Shared below is a a great facebook post written by Lora Curtis from Stratford, Ontario. It's a great story about women in mountain biking and how riding with other women helps to gain confidence and improve your overall riding experiences!
Julie Duval met Lora during a bike trip in Whitehorse last summer. Together, they talked about their experiences leading women's groups and shared ideas on how to get more women involved, especially those new to mountain biking.
This is Lora's story of learning to ride trails...
On my mountain bike I am powerful and free, it grounds and centers me. My bike has the ability to bring me to the present moment in a way that nothing else can. Mountain biking has taught me to believe in myself and my abilities, to face my fears and overcome them, and that I am stronger than I could have ever imagined.
For all that I have gained from mountain biking, I am always conscious of the fact that there are relatively few women out on the trails. I hope to inspire more to come out and try this sport and see how it can empower them.
Why don't more women ride mountain bikes? Of the women that do get into mountain biking, about 80% are introduced to it by a male; a spouse, boyfriend or friend. From my experience, and several others I've heard recounted, this may not always be an ideal situation (want a laugh, check out this video by pro rider Darcy Turrenne titled "A Couples Ride"https://vimeo.com/67465768 or this checklist for men teaching their significant other to ride http://mtb4her.com/so-you-wanna-teach-your-girlfriend-or-w…/)
My own first experience with mountain biking was an epic fail. It was in my early 20's and I was dating a guy that had started riding trails. He was excited to have me try and I know his intentions were good, but I did not feel 'encouraged' to become a stronger, faster rider by being left behind, breathless and uncertain of what I was doing, as he rode off out of sight. I went home feeling frustrated, and it took many years (nine to be exact) to scrape together enough confidence to try again.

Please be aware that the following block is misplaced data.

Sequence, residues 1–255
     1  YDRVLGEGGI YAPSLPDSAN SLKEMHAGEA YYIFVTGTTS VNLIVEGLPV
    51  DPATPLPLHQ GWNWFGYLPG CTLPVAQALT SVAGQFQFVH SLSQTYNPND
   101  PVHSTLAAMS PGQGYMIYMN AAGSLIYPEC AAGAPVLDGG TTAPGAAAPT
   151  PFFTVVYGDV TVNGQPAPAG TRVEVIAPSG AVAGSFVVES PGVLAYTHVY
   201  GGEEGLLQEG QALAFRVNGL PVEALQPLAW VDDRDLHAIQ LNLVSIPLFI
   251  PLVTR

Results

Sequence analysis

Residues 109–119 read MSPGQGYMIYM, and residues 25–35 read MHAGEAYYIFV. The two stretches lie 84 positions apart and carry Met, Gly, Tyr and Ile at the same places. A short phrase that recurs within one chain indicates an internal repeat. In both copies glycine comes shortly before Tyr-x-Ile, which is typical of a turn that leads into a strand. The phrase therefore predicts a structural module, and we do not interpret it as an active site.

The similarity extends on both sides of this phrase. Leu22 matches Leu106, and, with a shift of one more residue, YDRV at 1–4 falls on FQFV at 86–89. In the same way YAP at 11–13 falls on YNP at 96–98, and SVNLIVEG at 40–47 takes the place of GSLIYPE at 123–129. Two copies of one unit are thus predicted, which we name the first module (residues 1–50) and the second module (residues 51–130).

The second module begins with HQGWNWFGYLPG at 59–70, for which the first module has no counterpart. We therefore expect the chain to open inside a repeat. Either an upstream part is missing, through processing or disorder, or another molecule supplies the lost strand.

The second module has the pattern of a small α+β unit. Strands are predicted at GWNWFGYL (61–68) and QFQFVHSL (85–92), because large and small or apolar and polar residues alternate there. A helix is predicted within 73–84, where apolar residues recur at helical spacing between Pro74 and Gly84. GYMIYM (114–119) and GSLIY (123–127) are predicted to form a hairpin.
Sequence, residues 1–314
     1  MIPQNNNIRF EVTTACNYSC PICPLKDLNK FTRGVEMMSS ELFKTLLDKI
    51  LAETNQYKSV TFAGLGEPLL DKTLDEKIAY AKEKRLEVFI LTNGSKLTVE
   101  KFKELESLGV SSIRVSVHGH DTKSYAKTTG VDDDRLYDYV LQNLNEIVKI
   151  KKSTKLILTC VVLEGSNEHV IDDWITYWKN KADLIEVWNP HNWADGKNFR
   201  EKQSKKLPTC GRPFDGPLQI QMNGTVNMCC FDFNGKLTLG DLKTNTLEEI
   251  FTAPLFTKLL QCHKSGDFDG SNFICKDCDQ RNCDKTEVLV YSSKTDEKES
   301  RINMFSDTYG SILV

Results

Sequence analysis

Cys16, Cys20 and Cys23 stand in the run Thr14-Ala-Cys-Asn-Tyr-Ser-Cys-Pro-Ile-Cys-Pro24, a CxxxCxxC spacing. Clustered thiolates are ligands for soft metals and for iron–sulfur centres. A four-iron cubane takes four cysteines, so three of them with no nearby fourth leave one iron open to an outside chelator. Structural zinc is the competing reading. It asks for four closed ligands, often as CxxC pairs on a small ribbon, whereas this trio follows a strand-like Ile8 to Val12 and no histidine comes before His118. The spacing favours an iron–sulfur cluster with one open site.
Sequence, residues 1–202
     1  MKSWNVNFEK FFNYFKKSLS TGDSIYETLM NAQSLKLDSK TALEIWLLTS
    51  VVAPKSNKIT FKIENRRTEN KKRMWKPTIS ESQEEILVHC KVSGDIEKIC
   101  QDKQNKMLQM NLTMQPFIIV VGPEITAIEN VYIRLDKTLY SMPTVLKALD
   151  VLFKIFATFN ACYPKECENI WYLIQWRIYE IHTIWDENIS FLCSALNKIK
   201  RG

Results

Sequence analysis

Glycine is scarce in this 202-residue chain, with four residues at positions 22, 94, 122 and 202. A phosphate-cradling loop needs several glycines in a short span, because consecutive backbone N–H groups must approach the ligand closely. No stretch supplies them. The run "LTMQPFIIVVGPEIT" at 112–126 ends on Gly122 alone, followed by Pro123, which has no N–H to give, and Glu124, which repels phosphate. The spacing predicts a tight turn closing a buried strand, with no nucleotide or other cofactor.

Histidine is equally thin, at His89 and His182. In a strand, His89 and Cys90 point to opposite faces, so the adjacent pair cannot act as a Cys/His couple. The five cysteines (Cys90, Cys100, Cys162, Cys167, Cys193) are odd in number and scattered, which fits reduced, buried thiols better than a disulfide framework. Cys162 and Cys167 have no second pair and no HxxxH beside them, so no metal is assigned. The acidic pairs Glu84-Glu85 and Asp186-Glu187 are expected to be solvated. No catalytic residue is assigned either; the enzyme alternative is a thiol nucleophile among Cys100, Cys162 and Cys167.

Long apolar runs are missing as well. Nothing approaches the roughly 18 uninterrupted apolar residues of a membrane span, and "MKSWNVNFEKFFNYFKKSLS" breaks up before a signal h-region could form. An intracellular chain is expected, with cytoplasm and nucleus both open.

My second attempt was with a group in which several couples were in involved. There were about four girls that came out regularly, and we were all new to the sport. This time, the guys tried to give us good advice but would also just stand back and let us grow in our own way. Although on occasion, even they had to be reminded that yelling "pedal hard, pick your line" from the top of a tough, steep climb was not considered 'encouraging' by anyone without a Y chromosome.
Learning to ride with the girls, there was no sense of competition. We walked over features and pushed our bike up, and at times even down, steep sections of the trail. We would stand at obstacles and talk about how we 'thought' you would ride it. Some would try and share either what they felt went right, or wrong, and others would just watch and keep trying to work it out in their own minds. In our own way and in our own time, we all progressed.
As I gained strength and confidence, I became completely hooked on this sport. Riding the trails did wonders for my inner child! I think many women can identify with feeling overly responsible for things (at least this certainly described myself) and my mountain bike reminds me how important it is to play and have fun. When I put my helmet on my head, all the other hats that I wear are cast aside: I find so much freedom in that.
Even now, with over a dozen years in the saddle, my goal on each ride is to keep it fun; always remembering the way that I rode with the girls when I was first learning, as it was during that time that I discovered so much about myself and the things I am capable of. I hope that you will come out and see what mountain biking may hold for you, and if I tell you that you ride like a girl; know that it is my deepest compliment.
[For ladies finding themselves in Stratford, Ontario during their summer travels..] Ladies group trail rides will begin on Saturday May 9, and will run each Saturday, beginning at 9:30 am (plan on 2-3 hours) from the parking lot just inside the main gate at Wildwood Conservation Area. Riders of any level are welcome but the rides will be especially geared towards those that have not yet tried trail riding. We will start with a slow pace and shorter distance and will work our way up to riding the 25km Lake Trail.
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